Two years ago she'd fallen under his spell; she was wiser now. She knew he was a libertine, and even so her heart rebelled against believing it. Yesterday, in his arms, she'd felt as if she was special to him-as if he not only wanted her close but needed her there.

Very vain, Elizabeth, she warned herself severely, and very foolish. Skilled libertines and accomplished flirts probably made every woman feel that she was special. No doubt they kissed a woman with demanding passion one moment and then, when the passion was over, forgot she was alive.

As she'd heard long ago, a libertine pretended violent interest in his quarry, then dropped her without compunction the instant that interest waned-exactly as Ian had done now. That was not a comforting thought, and Elizabeth was sorely in need of comfort as twilight deepened into night and supper dragged on, with Ian seemingly oblivious to her existence. Finally the meal was finished; she was about to volunteer to clear the table when she glanced at Ian and watched in paralyzed surprise as his gaze roved over her cheek and jaw, then shifted to her mouth, lingering there. Abruptly he looked away, and Elizabeth stood up to clear the table.

"I'll help," the vicar volunteered. "It's only fair, since you and Ian have done everything else."

"I won't hear of it," Elizabeth teased him, and for the fourth time in her entire life she tied a towel around her waist and washed dishes. Behind her the men remained at the table, talking about people Ian had evidently known for years. Although they'd both forgotten her presence, she felt strangely happy and content listening to them talk.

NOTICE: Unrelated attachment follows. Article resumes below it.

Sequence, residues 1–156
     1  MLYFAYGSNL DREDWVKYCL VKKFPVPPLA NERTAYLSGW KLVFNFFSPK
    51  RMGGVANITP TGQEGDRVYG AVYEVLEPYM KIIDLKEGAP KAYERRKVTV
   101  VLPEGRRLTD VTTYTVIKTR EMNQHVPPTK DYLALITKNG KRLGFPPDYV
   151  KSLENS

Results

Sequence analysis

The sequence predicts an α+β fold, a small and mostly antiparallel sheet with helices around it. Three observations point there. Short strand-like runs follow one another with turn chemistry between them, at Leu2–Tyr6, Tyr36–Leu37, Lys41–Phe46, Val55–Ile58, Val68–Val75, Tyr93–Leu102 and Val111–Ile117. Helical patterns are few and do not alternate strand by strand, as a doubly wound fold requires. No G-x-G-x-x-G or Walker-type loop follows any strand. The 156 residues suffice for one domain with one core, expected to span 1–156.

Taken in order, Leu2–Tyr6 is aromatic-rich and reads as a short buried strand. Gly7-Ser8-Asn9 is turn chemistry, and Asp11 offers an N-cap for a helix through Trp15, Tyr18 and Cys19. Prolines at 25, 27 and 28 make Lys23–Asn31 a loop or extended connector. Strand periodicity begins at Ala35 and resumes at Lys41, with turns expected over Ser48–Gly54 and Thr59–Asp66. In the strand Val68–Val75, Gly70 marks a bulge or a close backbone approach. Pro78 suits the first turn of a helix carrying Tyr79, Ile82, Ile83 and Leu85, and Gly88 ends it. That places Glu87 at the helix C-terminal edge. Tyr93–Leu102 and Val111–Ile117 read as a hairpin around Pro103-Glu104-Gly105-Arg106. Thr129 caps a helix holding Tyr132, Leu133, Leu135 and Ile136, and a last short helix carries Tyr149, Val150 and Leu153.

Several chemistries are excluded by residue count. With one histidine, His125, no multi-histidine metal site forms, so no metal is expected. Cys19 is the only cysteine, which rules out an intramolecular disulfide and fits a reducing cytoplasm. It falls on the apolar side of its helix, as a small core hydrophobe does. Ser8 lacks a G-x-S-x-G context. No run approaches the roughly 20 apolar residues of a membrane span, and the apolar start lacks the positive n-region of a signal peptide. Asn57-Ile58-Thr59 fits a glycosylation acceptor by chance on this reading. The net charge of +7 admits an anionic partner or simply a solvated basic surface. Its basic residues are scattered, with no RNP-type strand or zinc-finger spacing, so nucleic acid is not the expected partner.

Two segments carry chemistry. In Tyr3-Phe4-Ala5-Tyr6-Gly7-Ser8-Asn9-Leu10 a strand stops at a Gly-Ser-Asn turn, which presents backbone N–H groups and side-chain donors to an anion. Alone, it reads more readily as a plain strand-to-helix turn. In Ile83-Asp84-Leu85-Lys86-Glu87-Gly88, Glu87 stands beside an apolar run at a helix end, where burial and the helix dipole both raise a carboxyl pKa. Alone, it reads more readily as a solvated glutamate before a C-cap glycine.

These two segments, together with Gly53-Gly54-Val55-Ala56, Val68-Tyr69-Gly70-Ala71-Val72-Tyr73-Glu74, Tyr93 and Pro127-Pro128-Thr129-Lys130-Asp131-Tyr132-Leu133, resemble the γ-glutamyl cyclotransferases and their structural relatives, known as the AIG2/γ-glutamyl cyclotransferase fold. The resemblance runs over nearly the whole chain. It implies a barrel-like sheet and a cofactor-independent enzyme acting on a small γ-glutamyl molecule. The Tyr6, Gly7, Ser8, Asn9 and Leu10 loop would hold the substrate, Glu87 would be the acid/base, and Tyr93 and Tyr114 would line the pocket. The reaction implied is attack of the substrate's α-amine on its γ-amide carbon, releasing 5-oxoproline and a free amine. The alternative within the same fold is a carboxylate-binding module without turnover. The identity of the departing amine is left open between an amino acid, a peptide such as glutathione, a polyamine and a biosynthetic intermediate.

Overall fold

When she finished she draped the dishtowel on the handle of the door and wandered over to sit in a chair near the fireplace. From there she could see Ian clearly without being observed. With no one to write to but Alex, and little she could risk saying in a letter that might be seen by Ian, Elizabeth tried to concentrate on descriptions of Scotland and the cottage, but she wrote desultorily, her mind was on Ian, not the letter. In some ways it seemed wrong that he lived here now, in this solitary place. At least part of the time he ought to be walking into ballrooms and strolling into gardens in his superbly tailored black evening clothes, making feminine heartbeats triple. With a wan inner smile at her attempted impartiality, Elizabeth told herself men like Ian Thornton probably performed a great service to society-he gave them something to stare at and admire and even fear. Without men like him, ladies would have nothing to dream about. And much less to regret, she reminded herself.

Ian had not so much as turned to glance her way, and so it was little wonder that she jumped in surprise when he said without looking at her, "It's a lovely evening, Elizabeth. If you can spare the time from your letter, would you like to go for a walk?"

"Walk?" she repeated, stunned by the discovery that he was evidently as aware of what she was doing as she had been aware of him, sitting at the table. "It's dark outside," she said mindlessly, searching his impassive features as he arose and walked over to-her chair. He stood there, towering over her, and there was nothing about the expression on his handsome face to indicate he had any real desire to go anywhere with her. She cast a hesitant glance at the vicar, who seconded Ian's suggestion. "A walk is just the thing," Duncan said. standing up. "It aids the digestion, you know."